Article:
Surface-sourced eDNA to track deep-diver cetaceans: the study case of Cuvier's beaked whale (Ziphius cavirostris) at Caprera Canyon and surrounding areas (Western Mediterranean Sea)

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Surface-sourced eDNA to track deep-diver cetaceans: the study case of Cuvier's beaked whale (Ziphius cavirostris) at Caprera Canyon and surrounding areas (Western Mediterranean Sea)

Authors

Boldrocchi, G.; Conte, L.; Galli, P.; Bettinetti, R.; Valsecchi, E.

Abstract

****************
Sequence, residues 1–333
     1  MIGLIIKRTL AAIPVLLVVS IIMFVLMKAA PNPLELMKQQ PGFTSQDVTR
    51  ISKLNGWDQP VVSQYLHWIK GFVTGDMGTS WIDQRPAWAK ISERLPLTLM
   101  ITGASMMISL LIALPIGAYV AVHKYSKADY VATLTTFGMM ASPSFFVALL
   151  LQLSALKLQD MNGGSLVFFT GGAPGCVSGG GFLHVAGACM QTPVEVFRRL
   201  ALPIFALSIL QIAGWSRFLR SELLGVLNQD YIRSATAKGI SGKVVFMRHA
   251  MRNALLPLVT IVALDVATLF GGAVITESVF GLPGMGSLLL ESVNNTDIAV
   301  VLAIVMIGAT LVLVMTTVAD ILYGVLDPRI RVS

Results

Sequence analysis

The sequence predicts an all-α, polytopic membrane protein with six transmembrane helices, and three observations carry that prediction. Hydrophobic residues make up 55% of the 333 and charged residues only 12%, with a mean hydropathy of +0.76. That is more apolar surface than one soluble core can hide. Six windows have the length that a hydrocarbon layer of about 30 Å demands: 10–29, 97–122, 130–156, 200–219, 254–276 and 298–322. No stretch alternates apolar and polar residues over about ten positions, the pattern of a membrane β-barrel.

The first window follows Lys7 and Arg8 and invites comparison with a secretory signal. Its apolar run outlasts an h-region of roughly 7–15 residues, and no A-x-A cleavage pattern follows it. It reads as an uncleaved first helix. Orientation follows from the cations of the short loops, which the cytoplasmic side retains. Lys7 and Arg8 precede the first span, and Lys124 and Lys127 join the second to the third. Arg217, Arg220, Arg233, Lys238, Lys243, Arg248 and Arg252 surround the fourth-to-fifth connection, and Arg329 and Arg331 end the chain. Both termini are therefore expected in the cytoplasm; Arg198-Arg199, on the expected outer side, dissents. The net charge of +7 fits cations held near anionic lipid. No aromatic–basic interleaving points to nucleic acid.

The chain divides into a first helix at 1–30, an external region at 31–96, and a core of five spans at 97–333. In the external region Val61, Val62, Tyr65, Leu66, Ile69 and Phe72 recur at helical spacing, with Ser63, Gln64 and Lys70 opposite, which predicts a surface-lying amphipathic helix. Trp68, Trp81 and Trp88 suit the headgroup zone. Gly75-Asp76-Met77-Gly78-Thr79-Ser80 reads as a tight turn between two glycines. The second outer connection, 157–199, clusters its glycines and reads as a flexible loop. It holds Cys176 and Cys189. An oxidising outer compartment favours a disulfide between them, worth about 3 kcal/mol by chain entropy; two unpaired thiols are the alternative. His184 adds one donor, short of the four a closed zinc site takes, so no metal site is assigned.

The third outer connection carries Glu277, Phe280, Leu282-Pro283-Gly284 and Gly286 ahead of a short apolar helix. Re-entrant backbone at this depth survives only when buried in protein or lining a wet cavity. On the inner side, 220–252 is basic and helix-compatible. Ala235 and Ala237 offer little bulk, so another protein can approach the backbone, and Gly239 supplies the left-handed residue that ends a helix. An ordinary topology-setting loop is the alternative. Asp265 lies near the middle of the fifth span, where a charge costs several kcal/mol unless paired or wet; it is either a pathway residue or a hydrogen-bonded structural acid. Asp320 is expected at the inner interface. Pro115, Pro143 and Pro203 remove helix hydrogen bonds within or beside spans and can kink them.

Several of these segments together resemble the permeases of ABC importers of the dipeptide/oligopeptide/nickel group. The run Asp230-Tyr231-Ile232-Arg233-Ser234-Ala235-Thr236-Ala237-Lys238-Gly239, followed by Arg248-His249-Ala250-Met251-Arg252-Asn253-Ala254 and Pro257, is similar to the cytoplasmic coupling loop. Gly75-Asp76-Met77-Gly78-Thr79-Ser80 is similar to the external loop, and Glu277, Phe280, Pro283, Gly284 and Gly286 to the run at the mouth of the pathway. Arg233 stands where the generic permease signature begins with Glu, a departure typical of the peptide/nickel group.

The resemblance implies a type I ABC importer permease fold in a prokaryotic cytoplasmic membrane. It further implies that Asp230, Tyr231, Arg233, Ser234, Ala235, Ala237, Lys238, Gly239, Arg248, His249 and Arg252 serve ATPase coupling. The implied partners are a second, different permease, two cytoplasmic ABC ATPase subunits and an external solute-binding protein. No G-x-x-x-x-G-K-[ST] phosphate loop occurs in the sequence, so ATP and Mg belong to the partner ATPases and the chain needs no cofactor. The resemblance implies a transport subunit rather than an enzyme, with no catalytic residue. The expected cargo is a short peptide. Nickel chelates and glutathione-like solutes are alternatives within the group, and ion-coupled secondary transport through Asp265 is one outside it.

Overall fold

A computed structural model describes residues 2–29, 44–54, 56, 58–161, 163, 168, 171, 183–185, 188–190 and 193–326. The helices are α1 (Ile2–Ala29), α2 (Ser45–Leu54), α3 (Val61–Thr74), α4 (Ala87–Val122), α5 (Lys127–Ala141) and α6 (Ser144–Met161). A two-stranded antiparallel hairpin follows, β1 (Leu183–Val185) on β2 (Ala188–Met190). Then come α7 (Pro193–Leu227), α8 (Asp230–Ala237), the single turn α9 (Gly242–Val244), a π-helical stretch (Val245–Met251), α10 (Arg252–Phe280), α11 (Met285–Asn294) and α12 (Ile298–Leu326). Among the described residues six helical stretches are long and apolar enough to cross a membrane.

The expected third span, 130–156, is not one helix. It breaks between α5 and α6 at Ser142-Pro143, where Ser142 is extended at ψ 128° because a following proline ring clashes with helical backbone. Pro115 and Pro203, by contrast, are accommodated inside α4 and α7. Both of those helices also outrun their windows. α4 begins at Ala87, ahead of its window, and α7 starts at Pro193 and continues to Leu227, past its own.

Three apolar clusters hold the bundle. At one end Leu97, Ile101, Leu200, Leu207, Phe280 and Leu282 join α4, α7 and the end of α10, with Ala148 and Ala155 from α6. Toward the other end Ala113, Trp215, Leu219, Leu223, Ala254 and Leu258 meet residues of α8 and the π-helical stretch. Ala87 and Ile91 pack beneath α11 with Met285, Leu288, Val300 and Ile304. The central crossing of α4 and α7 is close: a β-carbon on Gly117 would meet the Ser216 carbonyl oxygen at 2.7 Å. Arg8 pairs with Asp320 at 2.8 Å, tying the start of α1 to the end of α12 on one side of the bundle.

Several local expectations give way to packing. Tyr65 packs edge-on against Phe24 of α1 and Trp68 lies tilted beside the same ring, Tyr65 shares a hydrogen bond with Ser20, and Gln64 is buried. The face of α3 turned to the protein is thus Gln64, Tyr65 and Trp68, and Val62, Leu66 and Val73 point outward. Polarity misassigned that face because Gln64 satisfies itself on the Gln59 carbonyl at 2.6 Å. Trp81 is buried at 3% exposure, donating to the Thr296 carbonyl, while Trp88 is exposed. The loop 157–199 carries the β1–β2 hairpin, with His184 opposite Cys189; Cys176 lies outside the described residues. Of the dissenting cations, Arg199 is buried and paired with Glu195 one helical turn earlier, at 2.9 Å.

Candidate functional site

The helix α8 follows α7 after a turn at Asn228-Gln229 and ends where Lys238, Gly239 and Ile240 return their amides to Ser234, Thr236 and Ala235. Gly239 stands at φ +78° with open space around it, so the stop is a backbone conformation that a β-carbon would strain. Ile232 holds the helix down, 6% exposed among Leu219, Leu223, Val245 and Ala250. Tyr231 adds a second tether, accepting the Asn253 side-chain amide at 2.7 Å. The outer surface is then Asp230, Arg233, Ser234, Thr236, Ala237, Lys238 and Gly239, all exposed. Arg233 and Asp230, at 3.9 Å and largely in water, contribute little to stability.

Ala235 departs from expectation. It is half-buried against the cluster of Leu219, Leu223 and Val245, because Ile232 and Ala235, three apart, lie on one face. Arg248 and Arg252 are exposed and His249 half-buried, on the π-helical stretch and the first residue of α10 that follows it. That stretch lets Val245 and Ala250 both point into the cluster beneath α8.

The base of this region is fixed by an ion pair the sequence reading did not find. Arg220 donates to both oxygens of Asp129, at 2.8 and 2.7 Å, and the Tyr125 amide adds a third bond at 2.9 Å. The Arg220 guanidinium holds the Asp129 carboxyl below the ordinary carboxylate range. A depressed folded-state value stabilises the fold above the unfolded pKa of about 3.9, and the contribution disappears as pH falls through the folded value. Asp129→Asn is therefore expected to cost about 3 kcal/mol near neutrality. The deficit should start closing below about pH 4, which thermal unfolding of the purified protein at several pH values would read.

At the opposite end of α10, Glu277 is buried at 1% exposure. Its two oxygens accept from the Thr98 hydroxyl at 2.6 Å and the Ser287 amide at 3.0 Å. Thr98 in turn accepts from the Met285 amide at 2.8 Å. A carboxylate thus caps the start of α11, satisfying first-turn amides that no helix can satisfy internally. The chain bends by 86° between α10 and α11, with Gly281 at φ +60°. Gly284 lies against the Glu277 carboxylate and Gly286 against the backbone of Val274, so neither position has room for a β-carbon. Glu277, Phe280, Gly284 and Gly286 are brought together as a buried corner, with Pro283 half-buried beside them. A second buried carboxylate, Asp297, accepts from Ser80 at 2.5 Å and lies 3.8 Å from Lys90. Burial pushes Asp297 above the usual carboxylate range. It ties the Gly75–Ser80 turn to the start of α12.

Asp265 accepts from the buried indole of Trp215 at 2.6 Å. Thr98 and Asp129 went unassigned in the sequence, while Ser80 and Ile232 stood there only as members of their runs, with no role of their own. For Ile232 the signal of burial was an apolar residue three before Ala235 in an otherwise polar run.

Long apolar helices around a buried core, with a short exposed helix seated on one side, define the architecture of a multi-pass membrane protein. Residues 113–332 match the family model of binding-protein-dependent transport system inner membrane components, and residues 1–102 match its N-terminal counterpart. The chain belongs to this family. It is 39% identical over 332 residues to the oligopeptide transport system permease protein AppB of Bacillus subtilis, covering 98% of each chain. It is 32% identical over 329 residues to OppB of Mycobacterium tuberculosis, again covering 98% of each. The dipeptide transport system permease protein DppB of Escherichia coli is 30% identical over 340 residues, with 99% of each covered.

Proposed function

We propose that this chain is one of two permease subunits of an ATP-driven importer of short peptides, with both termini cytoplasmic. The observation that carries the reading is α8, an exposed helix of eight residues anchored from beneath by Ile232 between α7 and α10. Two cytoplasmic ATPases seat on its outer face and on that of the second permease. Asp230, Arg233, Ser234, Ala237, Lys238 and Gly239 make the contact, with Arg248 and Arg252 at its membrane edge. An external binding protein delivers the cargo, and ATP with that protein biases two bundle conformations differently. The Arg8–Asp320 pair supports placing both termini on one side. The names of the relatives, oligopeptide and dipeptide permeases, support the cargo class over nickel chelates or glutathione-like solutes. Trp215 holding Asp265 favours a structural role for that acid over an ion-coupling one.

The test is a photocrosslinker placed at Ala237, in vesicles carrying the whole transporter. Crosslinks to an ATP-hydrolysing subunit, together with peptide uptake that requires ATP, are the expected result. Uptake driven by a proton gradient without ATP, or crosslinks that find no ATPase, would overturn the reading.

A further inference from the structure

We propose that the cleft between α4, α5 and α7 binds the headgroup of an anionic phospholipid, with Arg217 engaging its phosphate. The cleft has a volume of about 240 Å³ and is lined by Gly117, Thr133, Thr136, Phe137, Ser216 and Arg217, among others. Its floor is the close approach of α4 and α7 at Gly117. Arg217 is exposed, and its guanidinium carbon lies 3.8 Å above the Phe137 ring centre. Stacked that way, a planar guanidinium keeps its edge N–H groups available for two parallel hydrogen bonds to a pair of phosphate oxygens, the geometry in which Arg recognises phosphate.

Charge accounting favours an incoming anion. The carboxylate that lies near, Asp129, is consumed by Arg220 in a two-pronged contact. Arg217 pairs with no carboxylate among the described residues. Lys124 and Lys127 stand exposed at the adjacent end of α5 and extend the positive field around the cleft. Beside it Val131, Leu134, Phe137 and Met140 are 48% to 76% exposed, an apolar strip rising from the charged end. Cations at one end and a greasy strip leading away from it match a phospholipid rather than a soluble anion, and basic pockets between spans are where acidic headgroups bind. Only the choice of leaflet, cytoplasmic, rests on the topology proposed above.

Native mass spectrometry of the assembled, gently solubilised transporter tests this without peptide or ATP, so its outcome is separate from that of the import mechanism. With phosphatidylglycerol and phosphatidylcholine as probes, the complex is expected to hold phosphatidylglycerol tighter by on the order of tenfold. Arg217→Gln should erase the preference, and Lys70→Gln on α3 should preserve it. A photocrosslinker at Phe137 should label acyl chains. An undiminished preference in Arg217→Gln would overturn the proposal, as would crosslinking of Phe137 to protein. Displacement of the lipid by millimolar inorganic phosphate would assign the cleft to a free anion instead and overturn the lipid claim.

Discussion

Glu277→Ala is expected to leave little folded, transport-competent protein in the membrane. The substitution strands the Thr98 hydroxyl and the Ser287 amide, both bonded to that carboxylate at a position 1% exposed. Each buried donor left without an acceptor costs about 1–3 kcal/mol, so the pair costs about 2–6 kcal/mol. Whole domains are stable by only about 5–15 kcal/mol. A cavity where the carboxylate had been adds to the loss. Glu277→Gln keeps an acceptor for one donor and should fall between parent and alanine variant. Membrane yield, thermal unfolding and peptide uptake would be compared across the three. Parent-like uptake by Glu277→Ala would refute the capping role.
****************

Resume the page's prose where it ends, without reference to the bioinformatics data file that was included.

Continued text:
Among cetaceans, the Cuvier\'s beaked whale is considered an extreme diver, very challenging to be studied with standard monitoring methods due to its elusive behaviour and a preference for deep offshore waters. These limitations seem to be mitigated by the use of new molecular methodologies capable of intercepting small traces of DNA left in the environment (eDNA) by marine organisms. Moreover, the collection of water from the superficial layer of the sea represents a perfect case study for the targeting of marine mammals, as the constraints imposed by their nature implies periodic and frequent surfacing. Therefore, we designed and tested a taxon-specific primer set to infer the Cuvier\'s beaked whale presence, with the aims of 1) examining the effectiveness of the eDNA technique to detect the presence of deep-diving cetacean in open waters, using the Cuvier\'s beaked whale as case study; 2) providing data on the spatiotemporal occurrence of this species within the Canyon of Caprera; and 3) assessing the species occurrence in central northern Mediterranean Sea based on molecular traces. Results from this study demonstrated that collection of superficial waters is a valid approach to monitor deep-diving cetacean species, without the need for complementary visual survey monitoring. Specifically, this study provides evidence of the regular presence of the Cuvier\'s beaked whale in the Canyon of Caprera, with a preference for bathymetry in the range of 700-1000 m. This study also showed a potential inshore movement of this species during fall, which is possibly related to migration of its cephalopod prey or a shift in prey preferences. Overall, the data presented here are particularly relevant in the optic of proposing the Caprera Canyon as an Important Marine Mammal Area (IMMA) in the Mediterranean Sea. At a wider level, this study also showed that the stronger positive signals were recorded in sampling stations located on submarine canyon systems, demonstrating the importance of these areas as elective habitats for the Cuvier\'s beaked whale, thus the pivotal priority to their conservation.

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